A QUARTER CENTURY OF COMPETITIVE AVIA TION In the 1934 National Air Race pro­ gram, Clifford Henderson gave his thoughts on that year's events. 'The 1934 National Air Races have been con­ ceived and are being developed to fit­ tingly commemorate 'A Quarter Century of Aviation Progress' - to properly portray the significance of this milestone of aviation advancement ­ to emphasize the colorful inception ­ to recognize the now firmly established utility of the airplane in the field of transportation and its pre-eminent prominence in the world of sport. "Aviation is no longer a 'game.' It has proven itself a useful and vital factor in a thousand lines of business - in a thousand details, requiring SPEED in transportation and UTILITY in moving THINGS and MEN. Cleveland­ often the focal point of epochal aviation achievement - again assumes the role of host to the major aviation competi­ tion - the fourteenth annual National Air Races. "The true objective and hope is that the 1934 National Air Races will serve as a pleasant and profitable rendezvous for the pilots, aviation technicians and laymen public interested in this great industry; that it will build a broader confidence and acceptance of aviation - that it will serve as a convincing factor of englightenment and inspira­ tion to the American public." TEN DAYS

Roscoe Turner failed to start the Bendix with his No. 57 racer in 1934, but he would win the Thompson Trophy at 248.13 mph .

Steve Wittman won both of the 200 cubic inch races with the Pobjoy Special.

INTO FOUR In 1934 Cleveland again furnished the setting for the National Air Races held August 31 to September 3, 1934 over Labor Day weekend. The normal 10 day program, as in 1933, was con­ centrated into four days of intense ac-

The Menasco Super Buccaneer (C-6-S) installation on the Brown B-2. It was super­ charge to produce 300 hp at 2,900 rpm. VINTAGE AIRPLANE 9


The brutish looking business end of Roscoe Turner's racer carried the most power of any racer until that time, the 1,000 hp Pratt & Whitney Hornet.

tivity, providing according to an ad in AERO DIGEST, "more grueling com­ petitions - more numerous innova­ tions - and a greater concentration of the newest creations in racing craft ever before seen." The ad continued, "This year's clas­ sic will be the most pretentious ever staged. The program included Free-for­ All competitions in all cubic inch motor classifications - and demonstrations of every phase of aviation. Land Plane Speed Classics - Massed Flights ­ Foreign Flying Aces - Night Spec­ tacles - Autogiro, Blimp and Parachute Jumping contests, etc. $35,000 cash prizes and valuable trophies will be awarded. "Here, new world's land plane speed records are destined to be shattered. Here, the industry will again receive inspiration for future progress and development. Everybody in aviation will be in attendance." CROWDS The October 1934 issue of A VIA­ nON remarked that the crowds were a surprise. "Race Habitues who foregathered at Cleveland in an atmos­ phere of skepticism amounting almost to pessimism were due for a shock. The surprise came not from design novelties unveiled at the barrier, nor from star­ tling performances put up by last year's revamped racers, but from the crowds 10JULY1991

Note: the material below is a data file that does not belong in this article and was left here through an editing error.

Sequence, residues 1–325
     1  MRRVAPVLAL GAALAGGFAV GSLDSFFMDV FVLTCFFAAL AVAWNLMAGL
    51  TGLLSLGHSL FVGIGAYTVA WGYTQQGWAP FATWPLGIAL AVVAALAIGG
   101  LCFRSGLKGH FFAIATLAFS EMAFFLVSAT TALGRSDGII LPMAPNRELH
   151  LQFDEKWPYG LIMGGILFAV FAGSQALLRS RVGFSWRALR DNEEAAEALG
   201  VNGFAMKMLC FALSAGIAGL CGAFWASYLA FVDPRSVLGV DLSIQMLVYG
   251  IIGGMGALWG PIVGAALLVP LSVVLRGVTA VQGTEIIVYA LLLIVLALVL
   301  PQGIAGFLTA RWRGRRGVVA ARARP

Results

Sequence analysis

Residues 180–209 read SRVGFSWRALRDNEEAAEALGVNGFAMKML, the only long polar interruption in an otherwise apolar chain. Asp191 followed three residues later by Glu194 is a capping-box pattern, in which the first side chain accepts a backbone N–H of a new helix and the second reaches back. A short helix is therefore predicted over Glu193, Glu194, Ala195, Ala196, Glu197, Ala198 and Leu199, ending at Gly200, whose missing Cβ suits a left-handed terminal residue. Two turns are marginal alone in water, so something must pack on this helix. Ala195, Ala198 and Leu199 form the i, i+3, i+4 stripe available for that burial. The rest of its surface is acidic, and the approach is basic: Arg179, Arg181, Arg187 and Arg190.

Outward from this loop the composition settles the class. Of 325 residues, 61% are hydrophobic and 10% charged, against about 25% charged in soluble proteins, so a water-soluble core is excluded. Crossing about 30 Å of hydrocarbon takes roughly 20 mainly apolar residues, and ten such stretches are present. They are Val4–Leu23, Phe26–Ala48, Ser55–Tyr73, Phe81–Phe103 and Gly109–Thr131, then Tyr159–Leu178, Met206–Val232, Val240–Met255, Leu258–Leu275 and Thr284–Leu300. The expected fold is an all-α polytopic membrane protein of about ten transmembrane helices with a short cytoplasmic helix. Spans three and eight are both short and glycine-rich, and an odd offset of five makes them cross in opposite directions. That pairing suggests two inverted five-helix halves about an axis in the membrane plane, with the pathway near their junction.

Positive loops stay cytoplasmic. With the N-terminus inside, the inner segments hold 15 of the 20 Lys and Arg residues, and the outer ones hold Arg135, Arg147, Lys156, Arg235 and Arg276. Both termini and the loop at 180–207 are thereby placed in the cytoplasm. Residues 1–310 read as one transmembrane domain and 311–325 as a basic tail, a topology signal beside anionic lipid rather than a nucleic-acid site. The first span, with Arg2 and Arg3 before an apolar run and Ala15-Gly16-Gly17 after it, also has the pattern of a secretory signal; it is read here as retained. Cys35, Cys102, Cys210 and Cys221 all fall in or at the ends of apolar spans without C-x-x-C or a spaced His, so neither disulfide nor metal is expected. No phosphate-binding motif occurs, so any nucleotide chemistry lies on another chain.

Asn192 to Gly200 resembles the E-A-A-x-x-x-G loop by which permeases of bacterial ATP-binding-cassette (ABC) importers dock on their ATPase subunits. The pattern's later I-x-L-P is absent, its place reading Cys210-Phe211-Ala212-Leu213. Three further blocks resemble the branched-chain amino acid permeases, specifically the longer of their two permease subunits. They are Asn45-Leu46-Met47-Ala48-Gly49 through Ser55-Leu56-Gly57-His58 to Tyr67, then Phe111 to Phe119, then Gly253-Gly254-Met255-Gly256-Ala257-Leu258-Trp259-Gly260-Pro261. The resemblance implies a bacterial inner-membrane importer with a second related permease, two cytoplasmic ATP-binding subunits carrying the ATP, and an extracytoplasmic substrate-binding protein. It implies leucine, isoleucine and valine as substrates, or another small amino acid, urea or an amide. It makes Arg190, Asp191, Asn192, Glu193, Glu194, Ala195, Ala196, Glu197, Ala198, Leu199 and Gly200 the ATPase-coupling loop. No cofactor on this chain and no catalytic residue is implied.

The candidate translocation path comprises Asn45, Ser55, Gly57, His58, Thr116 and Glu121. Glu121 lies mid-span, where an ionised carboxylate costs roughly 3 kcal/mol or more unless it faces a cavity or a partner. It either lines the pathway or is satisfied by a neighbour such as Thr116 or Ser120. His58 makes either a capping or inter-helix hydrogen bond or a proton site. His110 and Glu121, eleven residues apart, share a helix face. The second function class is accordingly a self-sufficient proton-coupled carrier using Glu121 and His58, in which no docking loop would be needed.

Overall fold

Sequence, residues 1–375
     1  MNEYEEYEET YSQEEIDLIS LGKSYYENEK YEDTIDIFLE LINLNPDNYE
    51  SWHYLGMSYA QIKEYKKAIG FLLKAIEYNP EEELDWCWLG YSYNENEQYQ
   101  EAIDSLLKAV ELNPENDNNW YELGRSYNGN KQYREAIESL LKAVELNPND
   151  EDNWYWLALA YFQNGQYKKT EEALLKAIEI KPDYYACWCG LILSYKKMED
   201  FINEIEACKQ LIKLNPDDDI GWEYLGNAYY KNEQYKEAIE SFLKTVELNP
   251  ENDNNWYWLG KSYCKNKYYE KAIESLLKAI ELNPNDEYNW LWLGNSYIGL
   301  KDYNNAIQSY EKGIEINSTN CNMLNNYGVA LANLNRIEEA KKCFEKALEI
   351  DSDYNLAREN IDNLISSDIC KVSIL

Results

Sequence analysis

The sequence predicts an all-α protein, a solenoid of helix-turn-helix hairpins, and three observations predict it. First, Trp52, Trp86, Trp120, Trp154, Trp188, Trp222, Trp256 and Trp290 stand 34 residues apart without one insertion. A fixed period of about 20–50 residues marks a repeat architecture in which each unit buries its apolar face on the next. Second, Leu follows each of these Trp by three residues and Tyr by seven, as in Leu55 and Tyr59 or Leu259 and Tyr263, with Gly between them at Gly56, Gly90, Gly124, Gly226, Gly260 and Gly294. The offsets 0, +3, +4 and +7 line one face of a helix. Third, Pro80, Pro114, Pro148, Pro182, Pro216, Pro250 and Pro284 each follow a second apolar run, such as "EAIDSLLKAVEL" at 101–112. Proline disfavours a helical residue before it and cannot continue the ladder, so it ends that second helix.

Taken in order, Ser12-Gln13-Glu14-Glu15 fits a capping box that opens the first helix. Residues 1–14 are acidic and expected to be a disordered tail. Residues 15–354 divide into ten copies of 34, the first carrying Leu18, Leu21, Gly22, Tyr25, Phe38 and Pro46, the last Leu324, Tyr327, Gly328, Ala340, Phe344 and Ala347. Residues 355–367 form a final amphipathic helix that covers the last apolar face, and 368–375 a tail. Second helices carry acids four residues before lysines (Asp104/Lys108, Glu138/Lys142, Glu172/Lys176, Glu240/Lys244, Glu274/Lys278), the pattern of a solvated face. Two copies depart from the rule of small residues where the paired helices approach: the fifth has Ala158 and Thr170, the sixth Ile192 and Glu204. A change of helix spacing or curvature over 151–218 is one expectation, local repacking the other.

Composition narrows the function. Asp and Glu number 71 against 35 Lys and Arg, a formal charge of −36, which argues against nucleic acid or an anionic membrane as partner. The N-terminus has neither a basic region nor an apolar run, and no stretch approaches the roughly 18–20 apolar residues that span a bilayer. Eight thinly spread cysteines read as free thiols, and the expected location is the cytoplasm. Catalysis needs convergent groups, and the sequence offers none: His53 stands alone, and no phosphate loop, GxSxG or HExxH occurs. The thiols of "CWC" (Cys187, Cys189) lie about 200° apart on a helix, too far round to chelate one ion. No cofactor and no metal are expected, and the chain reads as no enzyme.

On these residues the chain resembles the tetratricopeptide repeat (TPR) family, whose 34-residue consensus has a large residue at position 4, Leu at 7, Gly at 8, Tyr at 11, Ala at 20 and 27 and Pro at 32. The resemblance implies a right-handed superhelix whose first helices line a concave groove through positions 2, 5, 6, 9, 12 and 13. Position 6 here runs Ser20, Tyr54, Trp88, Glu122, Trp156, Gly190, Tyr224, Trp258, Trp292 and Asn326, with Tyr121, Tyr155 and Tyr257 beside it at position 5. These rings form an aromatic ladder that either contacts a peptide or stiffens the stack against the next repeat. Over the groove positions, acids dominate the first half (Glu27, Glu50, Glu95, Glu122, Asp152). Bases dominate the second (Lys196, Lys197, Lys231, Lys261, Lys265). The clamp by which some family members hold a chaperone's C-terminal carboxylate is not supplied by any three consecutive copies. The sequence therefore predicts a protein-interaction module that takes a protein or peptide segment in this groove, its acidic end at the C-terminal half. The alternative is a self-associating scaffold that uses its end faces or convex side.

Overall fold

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The Miles & Atwood Special was cleaned up for 1934. Uncowled wheels were replaced by smaller panted wheels and the struts faired into the pants. Lee Miles won the Greve Trophy and the Shell Speed Dash for its class at 227.95 mph.

The Hansen Baby Bullet No. 3 powered by a Continental A-40.

- crowds that choked all roads leading to the field (25,000 cars counted on Labor Day) - crowds that elbowed

through turnstiles to fill the huge stands to capacity (close to 60,000 was the reported peak) . •


1934 NATIONAL AIR RACES